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Offline dandequilleTopic starter
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« on: November 27, 2008, 10:06:09 am »
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      There are many uses for GPS receivers in  treasure hunting.  I consider my GPS receivers almost as important as a good metal detector.  In relation to map use they open up amazing possibilities. 
      If you find a good lead in reading a journal, diary, etc. with a description of were a particular event occurred you may be able to find this very spot on Geocommunicator or Google Earth, enter the coordinates into your receiver, and you are on your way. Before using the good maps that indicate the coordinates I tried to determine spots by using a UTM system with the map.  That was so cumbersome I never was very able to determine locations very well. 
      Have you ever tried locating a spot by only using a map?  I have, and out in the forest or mountains it is possible but extremely difficult. Now with map, compass, and GPS receiver it is much easier and fun.
      Several years ago I found German topos on the internet that also listed coordinates.  I could read about a battlefield or interesting spot,  locate the spot via the net and maps, enter the location on my old Garmin 12, and go to nearly the very spot I read about.  We did go too.  I was able to do the reference work sitting in my home in California.  I can no longer locate that German map source.  I think it went commercial. 
     

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Offline dobbie
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« Reply #1 on: January 05, 2009, 05:48:38 pm »
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very interesting. i have been wondering about getting a gps for a while now but havent been able to get myself to dish out the extra bucks needed to buy one. To be honest I dont fully understand the whole gps treasure hunting thing anyways but am willing to learn. thanx for the post i may need to go out and get one to play around with.

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« Reply #2 on: January 05, 2009, 07:58:08 pm »
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The GPS can be a very handy item to have as part of your gear.  They are easy to use once you get the hang of them.  Very handy for tracking down old sites that long ago disappeared or for keeping track of sites that are producing well for you.

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Offline Bugar
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« Reply #3 on: January 22, 2009, 12:14:14 pm »
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years back, and for some stoopid reason I traded it off, now wish I had another, probly be tryin to pick one up for springtime hits us  Wise

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Offline mikewaz
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« Reply #4 on: January 23, 2009, 09:51:45 pm »
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 I use a bare bones Garmin Etrex which are under 100.00 new, or you can find great deals on Ebay, Craigslist, etc...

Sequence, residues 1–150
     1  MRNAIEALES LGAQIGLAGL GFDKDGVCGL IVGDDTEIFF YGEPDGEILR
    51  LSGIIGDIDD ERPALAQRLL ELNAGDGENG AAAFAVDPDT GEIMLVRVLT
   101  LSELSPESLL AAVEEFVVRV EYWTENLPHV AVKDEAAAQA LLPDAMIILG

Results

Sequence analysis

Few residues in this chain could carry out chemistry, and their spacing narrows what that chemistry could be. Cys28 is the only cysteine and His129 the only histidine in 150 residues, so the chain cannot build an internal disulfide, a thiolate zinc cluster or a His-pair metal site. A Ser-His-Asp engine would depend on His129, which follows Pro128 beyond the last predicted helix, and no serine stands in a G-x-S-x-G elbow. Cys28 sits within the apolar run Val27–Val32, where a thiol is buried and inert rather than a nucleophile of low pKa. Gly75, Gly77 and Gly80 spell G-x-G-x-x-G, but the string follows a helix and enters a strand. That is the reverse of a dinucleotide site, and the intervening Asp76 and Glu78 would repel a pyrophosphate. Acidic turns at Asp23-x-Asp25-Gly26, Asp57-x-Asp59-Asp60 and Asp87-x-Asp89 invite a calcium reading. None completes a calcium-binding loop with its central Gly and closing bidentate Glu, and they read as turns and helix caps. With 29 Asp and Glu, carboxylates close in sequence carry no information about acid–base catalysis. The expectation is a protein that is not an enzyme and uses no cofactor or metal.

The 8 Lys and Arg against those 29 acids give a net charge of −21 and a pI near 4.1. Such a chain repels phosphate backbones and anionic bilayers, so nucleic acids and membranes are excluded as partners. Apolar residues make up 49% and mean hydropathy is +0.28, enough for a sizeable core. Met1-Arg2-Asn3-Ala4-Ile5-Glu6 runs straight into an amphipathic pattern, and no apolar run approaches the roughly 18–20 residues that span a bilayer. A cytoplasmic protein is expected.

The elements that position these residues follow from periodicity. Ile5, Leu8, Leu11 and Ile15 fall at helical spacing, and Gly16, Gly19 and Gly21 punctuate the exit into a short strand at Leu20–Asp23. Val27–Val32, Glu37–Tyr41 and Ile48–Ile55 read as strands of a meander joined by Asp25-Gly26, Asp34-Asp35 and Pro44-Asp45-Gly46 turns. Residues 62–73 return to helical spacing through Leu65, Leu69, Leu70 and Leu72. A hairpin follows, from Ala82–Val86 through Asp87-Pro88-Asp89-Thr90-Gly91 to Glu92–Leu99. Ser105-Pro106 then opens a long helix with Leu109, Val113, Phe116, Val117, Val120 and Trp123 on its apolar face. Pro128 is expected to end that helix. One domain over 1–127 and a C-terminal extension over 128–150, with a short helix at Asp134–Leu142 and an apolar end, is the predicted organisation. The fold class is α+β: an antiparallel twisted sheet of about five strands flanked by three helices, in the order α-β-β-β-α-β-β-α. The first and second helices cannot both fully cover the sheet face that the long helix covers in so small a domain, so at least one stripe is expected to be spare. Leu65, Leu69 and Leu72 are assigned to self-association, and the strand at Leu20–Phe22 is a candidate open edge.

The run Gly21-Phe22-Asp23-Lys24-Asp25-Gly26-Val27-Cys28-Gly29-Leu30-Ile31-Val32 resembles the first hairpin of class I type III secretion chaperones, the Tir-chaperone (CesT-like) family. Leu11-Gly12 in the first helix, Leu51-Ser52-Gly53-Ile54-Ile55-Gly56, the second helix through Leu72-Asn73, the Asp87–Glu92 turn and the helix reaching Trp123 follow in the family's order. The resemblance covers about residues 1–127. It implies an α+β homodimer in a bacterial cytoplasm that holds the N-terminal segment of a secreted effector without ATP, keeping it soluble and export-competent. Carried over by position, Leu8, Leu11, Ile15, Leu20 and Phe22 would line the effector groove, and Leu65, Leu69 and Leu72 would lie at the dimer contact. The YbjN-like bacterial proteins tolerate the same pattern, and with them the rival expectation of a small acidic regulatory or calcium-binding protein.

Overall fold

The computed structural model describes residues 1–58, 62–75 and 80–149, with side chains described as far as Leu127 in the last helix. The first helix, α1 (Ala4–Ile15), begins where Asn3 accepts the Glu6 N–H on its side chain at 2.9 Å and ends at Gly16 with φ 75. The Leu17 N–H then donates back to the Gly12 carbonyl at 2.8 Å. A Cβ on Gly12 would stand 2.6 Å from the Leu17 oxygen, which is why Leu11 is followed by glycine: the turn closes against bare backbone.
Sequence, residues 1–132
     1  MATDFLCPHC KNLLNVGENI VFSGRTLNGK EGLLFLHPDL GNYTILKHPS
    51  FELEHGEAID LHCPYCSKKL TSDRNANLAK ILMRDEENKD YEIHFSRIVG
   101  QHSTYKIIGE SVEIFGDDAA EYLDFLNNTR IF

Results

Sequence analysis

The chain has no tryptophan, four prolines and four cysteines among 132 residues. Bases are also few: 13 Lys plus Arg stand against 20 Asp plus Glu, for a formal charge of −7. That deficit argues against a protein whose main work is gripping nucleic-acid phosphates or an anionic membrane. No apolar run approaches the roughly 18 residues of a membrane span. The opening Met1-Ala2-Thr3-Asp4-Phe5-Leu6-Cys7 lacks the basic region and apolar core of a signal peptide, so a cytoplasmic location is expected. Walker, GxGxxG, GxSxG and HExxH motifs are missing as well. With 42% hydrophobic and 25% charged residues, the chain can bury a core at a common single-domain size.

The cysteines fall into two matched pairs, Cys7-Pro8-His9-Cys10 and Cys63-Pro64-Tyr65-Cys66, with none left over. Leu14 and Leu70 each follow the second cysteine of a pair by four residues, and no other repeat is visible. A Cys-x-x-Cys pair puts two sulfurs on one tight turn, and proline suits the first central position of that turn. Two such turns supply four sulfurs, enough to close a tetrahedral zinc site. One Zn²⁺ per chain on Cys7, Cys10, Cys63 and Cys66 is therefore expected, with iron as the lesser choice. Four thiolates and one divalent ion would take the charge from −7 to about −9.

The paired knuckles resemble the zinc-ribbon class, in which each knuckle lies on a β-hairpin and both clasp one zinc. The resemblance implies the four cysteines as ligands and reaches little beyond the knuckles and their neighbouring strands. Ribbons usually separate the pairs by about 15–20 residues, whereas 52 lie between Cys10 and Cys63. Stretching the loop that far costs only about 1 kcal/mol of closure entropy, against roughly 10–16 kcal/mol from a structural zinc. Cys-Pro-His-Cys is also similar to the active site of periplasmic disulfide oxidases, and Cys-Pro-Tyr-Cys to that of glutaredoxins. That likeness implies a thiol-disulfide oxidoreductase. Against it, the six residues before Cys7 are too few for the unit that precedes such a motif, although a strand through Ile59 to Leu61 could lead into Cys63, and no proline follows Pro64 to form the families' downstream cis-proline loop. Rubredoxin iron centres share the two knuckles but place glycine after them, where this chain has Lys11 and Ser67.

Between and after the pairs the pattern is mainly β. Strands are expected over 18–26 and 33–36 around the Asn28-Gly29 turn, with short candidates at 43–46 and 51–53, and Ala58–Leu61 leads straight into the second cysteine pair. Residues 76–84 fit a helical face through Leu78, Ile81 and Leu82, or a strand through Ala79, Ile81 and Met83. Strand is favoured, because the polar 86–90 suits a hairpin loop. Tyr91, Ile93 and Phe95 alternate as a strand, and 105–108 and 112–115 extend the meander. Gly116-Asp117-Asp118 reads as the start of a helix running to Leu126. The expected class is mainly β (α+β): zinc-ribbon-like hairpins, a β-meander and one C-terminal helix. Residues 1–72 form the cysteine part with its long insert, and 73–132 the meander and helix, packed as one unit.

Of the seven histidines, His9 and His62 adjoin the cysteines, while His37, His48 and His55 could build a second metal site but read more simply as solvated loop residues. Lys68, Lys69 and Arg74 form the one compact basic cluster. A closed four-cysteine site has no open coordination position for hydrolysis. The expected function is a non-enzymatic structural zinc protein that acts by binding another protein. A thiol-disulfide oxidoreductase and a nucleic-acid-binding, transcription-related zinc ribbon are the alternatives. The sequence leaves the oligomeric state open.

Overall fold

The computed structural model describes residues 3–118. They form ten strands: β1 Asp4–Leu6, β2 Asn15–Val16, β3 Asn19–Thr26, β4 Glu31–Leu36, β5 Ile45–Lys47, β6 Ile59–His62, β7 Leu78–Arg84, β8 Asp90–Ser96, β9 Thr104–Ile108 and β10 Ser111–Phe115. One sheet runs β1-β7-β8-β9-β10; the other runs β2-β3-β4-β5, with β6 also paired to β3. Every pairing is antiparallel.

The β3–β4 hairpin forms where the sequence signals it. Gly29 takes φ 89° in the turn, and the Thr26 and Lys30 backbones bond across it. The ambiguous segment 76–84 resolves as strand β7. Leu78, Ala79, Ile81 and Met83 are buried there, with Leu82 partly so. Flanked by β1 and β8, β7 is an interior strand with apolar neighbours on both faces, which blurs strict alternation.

The Etrex is lightweight, easy to use, and indispensable for finding those forgotten out of the way spots.

 Couple that with Google Earth, historicaerials.com or old plat map coordinate info, punch it into your GPS, and walk right up to the spot.

 I have looked at a newer unit that gives the ability to create folders to store all of your waypoints and notes which will really come in handy if you use it a lot.

 Years ago I searched in the woods behind my house for a year (not everyday of course) for an old homestead shown on an 1887 township plat map. If I had one back then I would have been detecting the site the same day.

 I say "Go For It"
 Mike

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Offline airwing1
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« Reply #5 on: March 19, 2009, 02:47:32 pm »
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Gps helps also if you are out detecting ang get good hits and say the weather goes bad. You can get your coordinates and go back to the same spot later when the weather is better.

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Offline Beachcomber
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« Reply #6 on: March 21, 2009, 07:46:17 am »
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In addition to the above mentioned uses,I use mine (Etrex H) to spot my jewelry finds on the wet sand.

That gave me an excellent idea of how the sea deposits the objects after high tide or storms, so I'm a bit more efficient now...

I also pick up the coordinates of the places I detect carrier pigeons rings, in order to transmit the datas to carrier pigeons federations. They appreciate the information.

HH

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Offline aussie
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« Reply #7 on: April 12, 2009, 03:51:10 am »
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Try these co-ords
                            Southern Hemosphere S32.41.7 E149.17.6   this is the place where they found one of the biggest gold nuggets in the world
                                                                               Detecting

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Offline oRo
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« Reply #8 on: April 12, 2009, 09:13:48 pm »
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Which one was that aussie?

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« Reply #9 on: April 12, 2009, 09:34:20 pm »
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Youll have to come to Australia  to find that one Oro

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